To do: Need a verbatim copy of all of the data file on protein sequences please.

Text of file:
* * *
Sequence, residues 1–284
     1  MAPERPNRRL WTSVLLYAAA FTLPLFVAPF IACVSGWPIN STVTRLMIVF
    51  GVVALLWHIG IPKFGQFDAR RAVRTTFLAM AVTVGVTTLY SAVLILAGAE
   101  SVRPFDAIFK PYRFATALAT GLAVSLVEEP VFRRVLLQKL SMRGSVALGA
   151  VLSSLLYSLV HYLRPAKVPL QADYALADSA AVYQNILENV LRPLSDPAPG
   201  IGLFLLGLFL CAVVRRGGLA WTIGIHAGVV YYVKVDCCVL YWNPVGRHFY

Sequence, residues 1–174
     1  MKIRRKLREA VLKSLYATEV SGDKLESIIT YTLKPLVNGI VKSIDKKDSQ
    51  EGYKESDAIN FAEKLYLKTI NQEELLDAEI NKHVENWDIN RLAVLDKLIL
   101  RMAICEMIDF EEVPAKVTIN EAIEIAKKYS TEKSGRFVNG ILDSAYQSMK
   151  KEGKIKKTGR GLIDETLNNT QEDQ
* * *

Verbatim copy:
Sequence, residues 1–284
     1  MAPERPNRRL WTSVLLYAAA FTLPLFVAPF IACVSGWPIN STVTRLMIVF
    51  GVVALLWHIG IPKFGQFDAR RAVRTTFLAM AVTVGVTTLY SAVLILAGAE
   101  SVRPFDAIFK PYRFATALAT GLAVSLVEEP VFRRVLLQKL SMRGSVALGA
   151  VLSSLLYSLV HYLRPAKVPL QADYALADSA AVYQNILENV LRPLSDPAPG
   201  IGLFLLGLFL CAVVRRGGLA WTIGIHAGVV YYVKVDCCVL YWNPVGRHFY

Sequence, residues 1–174
     1  MKIRRKLREA VLKSLYATEV SGDKLESIIT YTLKPLVNGI VKSIDKKDSQ
    51  EGYKESDAIN FAEKLYLKTI NQEELLDAEI NKHVENWDIN RLAVLDKLIL
   101  RMAICEMIDF EEVPAKVTIN EAIEIAKKYS TEKSGRFVNG ILDSAYQSMK
   151  KEGKIKKTGR GLIDETLNNT QEDQ